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Information Resources Management Association
Advancing the Concepts & Practices of Information Resources Management in Modern Organizations

SMEs Amidst Global Technological Changes

SMEs Amidst Global Technological Changes
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Author(s): Nabeel A.Y. Al-Qirim (United Arab Emirates University, UAE)
Copyright: 2009
Pages: 4
Source title: Encyclopedia of Information Science and Technology, Second Edition
Source Author(s)/Editor(s): Mehdi Khosrow-Pour, D.B.A. (Information Resources Management Association, USA)
DOI: 10.4018/978-1-60566-026-4.ch555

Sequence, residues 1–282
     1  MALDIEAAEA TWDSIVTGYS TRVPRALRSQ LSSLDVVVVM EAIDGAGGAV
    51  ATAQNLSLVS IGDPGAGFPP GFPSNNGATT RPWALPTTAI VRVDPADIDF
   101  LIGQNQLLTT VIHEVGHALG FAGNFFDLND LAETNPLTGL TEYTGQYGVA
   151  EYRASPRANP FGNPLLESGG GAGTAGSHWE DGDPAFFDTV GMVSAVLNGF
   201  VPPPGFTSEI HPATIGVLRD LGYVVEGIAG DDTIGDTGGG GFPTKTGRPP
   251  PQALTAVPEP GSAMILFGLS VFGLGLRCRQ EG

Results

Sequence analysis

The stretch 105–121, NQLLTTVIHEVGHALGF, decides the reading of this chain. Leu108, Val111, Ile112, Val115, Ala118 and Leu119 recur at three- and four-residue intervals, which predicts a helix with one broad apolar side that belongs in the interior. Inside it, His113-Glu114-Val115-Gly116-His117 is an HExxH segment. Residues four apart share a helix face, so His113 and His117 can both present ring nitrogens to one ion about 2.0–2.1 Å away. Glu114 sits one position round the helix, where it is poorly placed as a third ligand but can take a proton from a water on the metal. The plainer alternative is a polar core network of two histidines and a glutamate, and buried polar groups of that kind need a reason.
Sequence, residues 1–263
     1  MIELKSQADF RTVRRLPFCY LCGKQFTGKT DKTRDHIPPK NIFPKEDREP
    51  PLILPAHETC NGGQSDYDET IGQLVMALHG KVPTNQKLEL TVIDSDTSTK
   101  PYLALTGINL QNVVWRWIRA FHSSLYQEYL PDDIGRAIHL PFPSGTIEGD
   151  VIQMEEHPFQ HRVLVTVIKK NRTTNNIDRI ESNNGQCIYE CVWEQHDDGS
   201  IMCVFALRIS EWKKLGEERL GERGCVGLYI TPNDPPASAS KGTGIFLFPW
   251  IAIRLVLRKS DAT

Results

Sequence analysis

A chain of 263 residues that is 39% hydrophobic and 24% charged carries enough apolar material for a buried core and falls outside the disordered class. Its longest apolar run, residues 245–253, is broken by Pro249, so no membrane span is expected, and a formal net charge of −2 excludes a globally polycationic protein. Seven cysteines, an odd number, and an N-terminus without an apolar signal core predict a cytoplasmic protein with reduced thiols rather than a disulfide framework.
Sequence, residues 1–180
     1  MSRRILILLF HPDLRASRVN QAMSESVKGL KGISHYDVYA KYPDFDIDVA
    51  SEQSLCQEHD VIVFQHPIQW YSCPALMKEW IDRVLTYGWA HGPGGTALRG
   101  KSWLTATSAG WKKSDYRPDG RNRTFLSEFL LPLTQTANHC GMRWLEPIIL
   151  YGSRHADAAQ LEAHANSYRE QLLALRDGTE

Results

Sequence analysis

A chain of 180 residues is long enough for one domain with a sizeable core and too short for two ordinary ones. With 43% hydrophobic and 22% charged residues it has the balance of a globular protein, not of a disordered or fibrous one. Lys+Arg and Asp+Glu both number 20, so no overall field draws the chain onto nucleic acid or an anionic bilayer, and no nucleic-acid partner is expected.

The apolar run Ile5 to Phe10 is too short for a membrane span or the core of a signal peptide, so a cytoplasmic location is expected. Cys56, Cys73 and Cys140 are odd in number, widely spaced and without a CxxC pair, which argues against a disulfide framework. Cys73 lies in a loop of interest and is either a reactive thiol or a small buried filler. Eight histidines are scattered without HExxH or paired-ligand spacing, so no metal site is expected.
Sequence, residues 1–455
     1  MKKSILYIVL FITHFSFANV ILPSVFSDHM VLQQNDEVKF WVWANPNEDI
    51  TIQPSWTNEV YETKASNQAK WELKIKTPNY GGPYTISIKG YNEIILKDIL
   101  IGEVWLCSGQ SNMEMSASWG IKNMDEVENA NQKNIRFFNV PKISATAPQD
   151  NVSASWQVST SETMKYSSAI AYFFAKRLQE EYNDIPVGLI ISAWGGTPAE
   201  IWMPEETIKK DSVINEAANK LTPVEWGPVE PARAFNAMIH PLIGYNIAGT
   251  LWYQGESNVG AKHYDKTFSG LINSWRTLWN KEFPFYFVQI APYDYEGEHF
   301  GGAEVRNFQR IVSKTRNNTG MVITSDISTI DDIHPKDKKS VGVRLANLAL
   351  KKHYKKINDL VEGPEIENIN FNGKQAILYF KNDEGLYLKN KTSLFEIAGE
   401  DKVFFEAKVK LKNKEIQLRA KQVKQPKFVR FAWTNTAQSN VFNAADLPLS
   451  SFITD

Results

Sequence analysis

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In small countries such as New Zealand, small to mediumsized enterprises (SMEs) are defined as enterprises employing 19 or fewer employees. Small enterprises are defined as those employing zero to five full-time employees (FTEs) (often called microbusinesses), and medium-sized enterprises as those employing six to nineteen FTEs. Other countries, such as the United States and European countries, define their SMEs as having a much larger number of employees (200–500 or fewer). SMEs contribute significantly to the economies and to the employment levels of different countries in the world. For example, SMEs constitute around 95 percent of enterprises and account for 60–70 percent of employment within the countries of the Organisation for Economic Cooperation and Development (OECD, 1997) and other countries across the globe, including the United States. Not to forget that SMEs are usually the source of most of the profound inventions and innovations (Iacovou, Benbasat, & Dexter, 1995). Historically, SMEs have been accused of being uncritical about the strategic importance of IT and its use in their businesses. This laggardness in adopting or using IT in business was attributed to various organisational, technological, and environmental deficiencies in SMEs. The recent emergence of the Internet, in general, and the Web, in particular, revolutionises business activities (Abell & Lim, 1996) and promises to provide unprecedented opportunities to SMEs to expand in scope and in market reach. However, despite the apparent media hype (Premkumar & Roberts, 1999) and the enthusiasm among academicians (Adam & Deans, 2000; Abell & Lim, 1996; Infotech Weekly, 1997; Poon & Swatman, 1999a) and professionals (Deloitte, 2000; IDC, 1998; PWHC, 1999) about electronic commerce (EC), the published EC research portrayed a gloomy picture about EC uptake and use by SMEs. Thus, investigating reasons behind such laggardness in adopting and in using EC effectively is essential. This research attempts to highlight some of the important issues that could assist in bridging the existing divide between SMEs and EC. These issues could be of interest to SMEs and to other stakeholders interested in SMEs and EC.

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